I wanted to offer friends and former bandmates the opportunity to fly in tracks if they wanted to throw down for the cause.  Keyboardist Ruth Nix, with whom I went on my second-ever tour with a large performing group in spring of 1971, just before my 15th birthday, brought her synthesizer over to do her tracks.  (We’ve performed together off and on since ’71…)  Guitarist Laura Lissenden and drummer Vanessa Martin, two of my old Chemistry bandmates, contributed instrumental and vocal tracks, “flying them in” from their home studio in Montana.  They also put together the video for the song.

Once all the tracks were put together, we sent Laura and Vanessa the early mix, which they used for the video, as they preferred my rawer initial vocal to my re-done tracks.  (As I told Vanessa yesterday, “I’m my own worst critic…”)  Vyan also did the sound mix, which was a challenge.  We were dealing with Audacity here and much lower tech recording techniques being clouded from Montana.  Isolate a sound here, hand-quantize a beat there, and voila!  Or not.

Long (and probably dull, to the non-musician) story short, we finally got the song done, mixed, and up on Amazon.  I hope you like it.  Even if you don’t, I hope you’ll help.  It’s still needed.  The Red Cross has less in terms of medical care to help with and more in terms of rebuilding Japan’s medical care infrastructure.  Many thousands are still homeless; Habitat for Humanity International is helping in that regard.  There are other agencies doing what they can, but it will be years before the country is fully restored.  Maybe decades.  Maybe never.  But we must not forget Japan.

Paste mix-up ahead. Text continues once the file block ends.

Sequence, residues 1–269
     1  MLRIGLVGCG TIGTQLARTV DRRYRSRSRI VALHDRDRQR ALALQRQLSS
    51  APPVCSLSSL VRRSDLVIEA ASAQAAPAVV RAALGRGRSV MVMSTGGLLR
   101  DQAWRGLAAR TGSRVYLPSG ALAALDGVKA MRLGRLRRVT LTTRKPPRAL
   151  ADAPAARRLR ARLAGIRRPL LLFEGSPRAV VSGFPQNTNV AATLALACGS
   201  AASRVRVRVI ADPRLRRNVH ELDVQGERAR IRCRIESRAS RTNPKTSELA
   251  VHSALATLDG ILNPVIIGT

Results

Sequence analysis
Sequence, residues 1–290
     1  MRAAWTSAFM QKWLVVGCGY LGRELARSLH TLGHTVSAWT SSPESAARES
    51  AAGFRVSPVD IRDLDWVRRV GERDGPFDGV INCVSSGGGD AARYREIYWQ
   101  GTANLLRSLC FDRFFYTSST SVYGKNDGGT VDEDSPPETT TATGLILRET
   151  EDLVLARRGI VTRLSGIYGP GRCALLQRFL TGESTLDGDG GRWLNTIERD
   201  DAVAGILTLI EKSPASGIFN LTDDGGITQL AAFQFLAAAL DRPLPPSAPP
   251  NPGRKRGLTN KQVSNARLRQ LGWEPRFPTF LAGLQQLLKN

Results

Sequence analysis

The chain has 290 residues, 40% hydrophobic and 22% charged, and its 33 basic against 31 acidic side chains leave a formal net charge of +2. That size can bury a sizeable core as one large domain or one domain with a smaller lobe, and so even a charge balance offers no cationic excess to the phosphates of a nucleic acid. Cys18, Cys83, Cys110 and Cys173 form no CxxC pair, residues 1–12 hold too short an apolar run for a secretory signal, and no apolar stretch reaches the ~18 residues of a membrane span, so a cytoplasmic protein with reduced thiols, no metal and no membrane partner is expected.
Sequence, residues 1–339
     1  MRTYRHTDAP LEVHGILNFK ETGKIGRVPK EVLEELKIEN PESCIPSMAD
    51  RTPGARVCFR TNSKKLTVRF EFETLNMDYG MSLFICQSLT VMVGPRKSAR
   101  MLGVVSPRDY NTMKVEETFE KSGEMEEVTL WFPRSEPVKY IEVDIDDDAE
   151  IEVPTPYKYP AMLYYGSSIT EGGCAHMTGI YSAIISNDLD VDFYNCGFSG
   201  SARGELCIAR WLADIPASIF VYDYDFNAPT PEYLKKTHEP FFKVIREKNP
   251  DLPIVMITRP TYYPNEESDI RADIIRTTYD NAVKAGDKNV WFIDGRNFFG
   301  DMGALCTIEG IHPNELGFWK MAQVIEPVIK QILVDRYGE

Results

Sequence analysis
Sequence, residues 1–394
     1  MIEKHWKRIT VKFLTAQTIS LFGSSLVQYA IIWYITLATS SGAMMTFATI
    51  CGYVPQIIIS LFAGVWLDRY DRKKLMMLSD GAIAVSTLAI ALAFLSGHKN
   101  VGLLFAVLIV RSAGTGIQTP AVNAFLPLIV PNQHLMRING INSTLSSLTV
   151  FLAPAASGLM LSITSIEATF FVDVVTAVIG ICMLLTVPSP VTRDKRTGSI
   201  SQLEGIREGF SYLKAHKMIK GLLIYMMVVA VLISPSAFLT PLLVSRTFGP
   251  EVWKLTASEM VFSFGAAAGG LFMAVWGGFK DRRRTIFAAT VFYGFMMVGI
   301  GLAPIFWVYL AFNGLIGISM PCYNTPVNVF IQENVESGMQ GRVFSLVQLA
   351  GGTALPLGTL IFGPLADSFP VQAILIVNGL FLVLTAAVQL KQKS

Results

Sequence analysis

Thank you for listening.  Heiwa.

Here are a few more videos and articles:

When you visit the tsunami hit area and see the emptiness, you’d just lost your words. I myself have yet to gone to those places but will do in two weeks. On the other hand, when you visit those cities and towns escaped from tsunami, on the surface you will find rather peaceful yet inactive towns and beautiful landscape there. However, nuclear radioactive particles can’t be seen but only on the special measurement counter; which seems even more sinister.

Makeup is mostly beloved as an art form, but we underestimate the transformative power beauty products can have on our well-being during times of crisis. In the case of 2011's cataclysmic Japanese earthquake and tsunami—the one-year anniversary is already here!—one woman found a way to use makeup to help, heal, and uplift victims of the tragic disaster.

American Red Cross: One year after the disaster, the American Red Cross has raised $312 million, and the vast majority of that money has already been used in Japan for relief and recovery operations. Red Cross response activities have transitioned from providing emergency medical care to helping reconstruct the health care infrastructure. Donations to the American Red Cross are helping to rebuild temporary and permanent hospitals, rebuild a Red Cross nursing school and strengthen Red Cross disaster response capacity. Donate here.

We've been collecting and posting, when we can, videos and news about Japan Relief and Fukushima Updates on A Special Radio Danketsu Facebook page I set up.  Feel free to watch and/or share the video, download the song, take a look around, add or share anything you find relevant just to keep a spotlight on this issue.

It's not something any of us can afford to let go ignored.